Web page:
A-Rod Reminiscent of Raines
As the saga of A-Rod continues to unfold, a lot of what has gone on in Yankee Nation in terms of the surprising revelation of steroid use, followed by the exclusive one-on-one interview, by Peter Gammons followed up by the first day of training camp "mea culpa" which was all she wrote in terms of talking about the issue, reminds me of the situation with Tim Raines and his cocaine rehab in 1982-83.
In September of 1982, near the end of his second major-league season, in fact on Raines' 22nd birthday, the news came out in a blockbuster feature in the Toronto Star, a well-written piece by Wayne Parrish, that Raines had been playing with an addiction to cocaine. The key moment was when he failed to show up for a game because of an announced "illness". In his failure, it turns out, he was not the Lone Ranger.
That period of baseball in the early '80s was a crisis situation for the game. The danger of cocaine was so new that most middle-age, white, stuffy old baseball execs, who did not spend a lot of time with their players, did not even know what was going on in their own clubhouses. I have my own mea culpa. I was a 28-year-old Expos' media relations director who travelled with the team and was not aware of the problem until the Parrish article was confirmed. So I'm damned sure that John McHale (team president) and Jim Fanning (manager) wouldn't have had a clue. It's a reflection of what happened in the '90s with the steroids issue. Only with coke, the clue was cluelessness, while with steroids, the clue was clearly visible in muscle definition and skyrocketing statistics.
In any case, the reason the A-Rod case reminds me of Raines is that after the '82 season, Raines went to a 30-day drug rehab centre in Orange County, California and we at the Expos had to decide how to handle the '83 season. My suggestion was to allow one even-handed, all-telling feature story to be written in the winter followed by one opening day of camp mea culpa, then the silence of the Raines.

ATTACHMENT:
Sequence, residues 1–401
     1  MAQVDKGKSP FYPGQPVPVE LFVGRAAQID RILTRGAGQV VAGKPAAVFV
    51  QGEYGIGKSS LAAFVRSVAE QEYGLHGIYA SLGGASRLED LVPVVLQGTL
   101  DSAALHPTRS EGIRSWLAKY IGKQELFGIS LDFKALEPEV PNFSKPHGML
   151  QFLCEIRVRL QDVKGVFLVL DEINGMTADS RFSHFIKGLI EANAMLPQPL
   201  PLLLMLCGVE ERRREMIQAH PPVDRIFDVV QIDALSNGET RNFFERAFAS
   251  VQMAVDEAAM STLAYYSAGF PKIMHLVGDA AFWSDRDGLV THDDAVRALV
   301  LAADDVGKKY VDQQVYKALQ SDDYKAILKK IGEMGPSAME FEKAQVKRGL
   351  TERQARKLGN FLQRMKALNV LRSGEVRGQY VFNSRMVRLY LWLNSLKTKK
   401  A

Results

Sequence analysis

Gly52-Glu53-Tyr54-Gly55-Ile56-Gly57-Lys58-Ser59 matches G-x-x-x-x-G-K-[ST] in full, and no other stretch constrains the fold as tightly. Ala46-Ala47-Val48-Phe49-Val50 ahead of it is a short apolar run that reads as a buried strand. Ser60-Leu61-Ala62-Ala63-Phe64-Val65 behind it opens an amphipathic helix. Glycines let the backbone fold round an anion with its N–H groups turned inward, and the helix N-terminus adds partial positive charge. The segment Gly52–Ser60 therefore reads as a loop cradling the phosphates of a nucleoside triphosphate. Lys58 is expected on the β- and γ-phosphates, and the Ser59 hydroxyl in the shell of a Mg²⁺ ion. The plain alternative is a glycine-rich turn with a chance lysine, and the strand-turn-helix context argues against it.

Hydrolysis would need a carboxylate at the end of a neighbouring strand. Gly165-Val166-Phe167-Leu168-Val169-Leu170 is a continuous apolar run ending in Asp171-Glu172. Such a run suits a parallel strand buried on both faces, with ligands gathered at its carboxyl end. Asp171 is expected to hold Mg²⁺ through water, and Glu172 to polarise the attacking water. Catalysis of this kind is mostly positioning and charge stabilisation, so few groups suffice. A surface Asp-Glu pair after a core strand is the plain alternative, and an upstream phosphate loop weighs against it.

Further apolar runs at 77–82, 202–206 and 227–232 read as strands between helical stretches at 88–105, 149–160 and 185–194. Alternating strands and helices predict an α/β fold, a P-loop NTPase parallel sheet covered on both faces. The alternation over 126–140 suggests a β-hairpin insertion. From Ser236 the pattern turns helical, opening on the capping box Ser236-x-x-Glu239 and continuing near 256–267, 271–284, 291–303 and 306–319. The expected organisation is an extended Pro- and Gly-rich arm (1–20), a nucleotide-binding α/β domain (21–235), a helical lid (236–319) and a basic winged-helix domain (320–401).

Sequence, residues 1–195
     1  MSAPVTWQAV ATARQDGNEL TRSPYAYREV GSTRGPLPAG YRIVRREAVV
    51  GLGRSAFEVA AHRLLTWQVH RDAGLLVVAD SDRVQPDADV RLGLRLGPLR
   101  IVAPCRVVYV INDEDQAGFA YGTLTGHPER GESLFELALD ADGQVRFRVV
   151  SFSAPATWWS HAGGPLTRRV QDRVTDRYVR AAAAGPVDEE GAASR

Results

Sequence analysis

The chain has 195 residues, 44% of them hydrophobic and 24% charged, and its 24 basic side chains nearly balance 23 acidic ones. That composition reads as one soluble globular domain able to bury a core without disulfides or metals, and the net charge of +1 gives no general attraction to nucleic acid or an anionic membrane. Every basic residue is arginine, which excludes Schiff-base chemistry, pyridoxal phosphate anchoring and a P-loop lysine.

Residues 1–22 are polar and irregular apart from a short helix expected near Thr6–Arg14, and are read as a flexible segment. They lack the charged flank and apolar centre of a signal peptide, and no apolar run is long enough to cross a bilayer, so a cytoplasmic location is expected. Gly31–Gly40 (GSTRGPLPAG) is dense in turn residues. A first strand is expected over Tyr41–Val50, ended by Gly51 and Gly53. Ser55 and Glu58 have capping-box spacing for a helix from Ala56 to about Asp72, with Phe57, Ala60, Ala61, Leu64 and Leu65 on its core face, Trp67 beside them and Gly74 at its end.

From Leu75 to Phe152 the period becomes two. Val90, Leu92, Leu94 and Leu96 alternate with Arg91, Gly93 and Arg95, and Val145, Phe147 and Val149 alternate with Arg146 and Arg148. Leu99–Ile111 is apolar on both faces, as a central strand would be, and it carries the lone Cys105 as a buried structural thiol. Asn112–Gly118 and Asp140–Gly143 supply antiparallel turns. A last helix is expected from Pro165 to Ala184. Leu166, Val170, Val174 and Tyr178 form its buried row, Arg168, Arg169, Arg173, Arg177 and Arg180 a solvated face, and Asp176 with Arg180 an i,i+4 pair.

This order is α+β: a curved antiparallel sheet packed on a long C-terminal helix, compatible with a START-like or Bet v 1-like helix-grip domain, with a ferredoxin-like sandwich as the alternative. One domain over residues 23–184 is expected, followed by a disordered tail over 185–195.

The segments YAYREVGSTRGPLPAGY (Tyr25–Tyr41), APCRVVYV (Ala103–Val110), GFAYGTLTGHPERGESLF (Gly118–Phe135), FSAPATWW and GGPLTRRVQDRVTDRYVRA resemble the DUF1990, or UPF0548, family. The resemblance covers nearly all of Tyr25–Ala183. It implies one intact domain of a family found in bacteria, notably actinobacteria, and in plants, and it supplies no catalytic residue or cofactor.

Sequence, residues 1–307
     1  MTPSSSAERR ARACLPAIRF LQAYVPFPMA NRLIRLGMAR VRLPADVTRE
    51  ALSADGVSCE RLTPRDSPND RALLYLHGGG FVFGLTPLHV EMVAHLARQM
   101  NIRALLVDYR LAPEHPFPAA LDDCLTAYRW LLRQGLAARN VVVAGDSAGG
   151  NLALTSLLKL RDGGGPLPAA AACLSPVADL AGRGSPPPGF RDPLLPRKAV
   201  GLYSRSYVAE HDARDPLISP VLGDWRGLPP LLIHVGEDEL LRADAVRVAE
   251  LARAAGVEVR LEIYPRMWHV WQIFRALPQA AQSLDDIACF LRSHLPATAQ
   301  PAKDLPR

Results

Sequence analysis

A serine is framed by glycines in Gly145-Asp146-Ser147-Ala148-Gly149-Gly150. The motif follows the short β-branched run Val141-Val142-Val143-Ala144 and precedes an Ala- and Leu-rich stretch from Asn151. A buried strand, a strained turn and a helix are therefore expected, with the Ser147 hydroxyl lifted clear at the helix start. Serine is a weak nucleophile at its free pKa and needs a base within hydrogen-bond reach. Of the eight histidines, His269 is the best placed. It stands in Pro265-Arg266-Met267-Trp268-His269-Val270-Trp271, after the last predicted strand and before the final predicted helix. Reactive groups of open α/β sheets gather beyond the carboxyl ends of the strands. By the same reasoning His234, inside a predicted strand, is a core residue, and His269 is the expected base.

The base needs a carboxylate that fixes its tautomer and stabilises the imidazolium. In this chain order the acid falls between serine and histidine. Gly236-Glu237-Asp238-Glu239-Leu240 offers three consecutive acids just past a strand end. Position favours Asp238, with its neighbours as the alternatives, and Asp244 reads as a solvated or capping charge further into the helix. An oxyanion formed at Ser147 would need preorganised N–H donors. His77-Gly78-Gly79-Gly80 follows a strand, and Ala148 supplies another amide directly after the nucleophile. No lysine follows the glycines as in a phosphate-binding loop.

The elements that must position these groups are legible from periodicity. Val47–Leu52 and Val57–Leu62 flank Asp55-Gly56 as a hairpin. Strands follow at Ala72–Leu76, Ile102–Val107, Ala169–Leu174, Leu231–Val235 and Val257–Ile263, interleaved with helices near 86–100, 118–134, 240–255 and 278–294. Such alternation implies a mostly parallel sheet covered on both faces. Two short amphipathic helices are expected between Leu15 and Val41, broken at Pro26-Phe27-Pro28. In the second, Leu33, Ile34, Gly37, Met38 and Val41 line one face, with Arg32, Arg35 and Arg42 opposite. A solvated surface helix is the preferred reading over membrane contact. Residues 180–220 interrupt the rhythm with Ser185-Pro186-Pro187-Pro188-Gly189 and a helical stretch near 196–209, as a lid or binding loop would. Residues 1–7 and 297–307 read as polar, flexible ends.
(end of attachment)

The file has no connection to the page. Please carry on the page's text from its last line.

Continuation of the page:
I chose Montreal Gazette columnist Michael Farber because of his proven humanity, sensitivity and journalistic integrity. I was not proven wrong. Farber was the A-Rod equivalent of Peter Gammons and the exclusive ESPN interview - only better. Farber was given exclusive access to fly to visit Raines at his home in Florida and do the full story, with background, retell the genesis of the problem with the final solution being revealed, warts and all.
Knowing Michael very well as a true professional with integrity, a former Yankee beat writer, now a member of the Hockey Hall of Fame for his work with Sports Illustrated, if he had smelled a rat with Raines he would have written it. He treated Raines like a young kid that got too rich too fast, who had a chance to come back if he wanted to make the effort. Rock didn't let him or us down.
Then, on the opening day of '83 training camp, just as with A-Rod, Raines met the international media for his one and only session regarding his cocaine issues. Everyone by that time had had the definitive Farber piece to read and use as reference. The facts were out there.
It seems to me that utilizing a highly respected member of the print media was more effective for Raines than the electronic media was for A-Rod (even with the respected Gammons doing the interview). Rock also had Andre Dawson and other teammates there to support him. As far as the Expos were concerned, it worked out very well. Raines went on to a near Hall of Fame career. That's why I have had great difficulty criticizing the Yankees and MLB for the way the A-Rod issue has been handled. None criticizing A-Rod. He's an ass.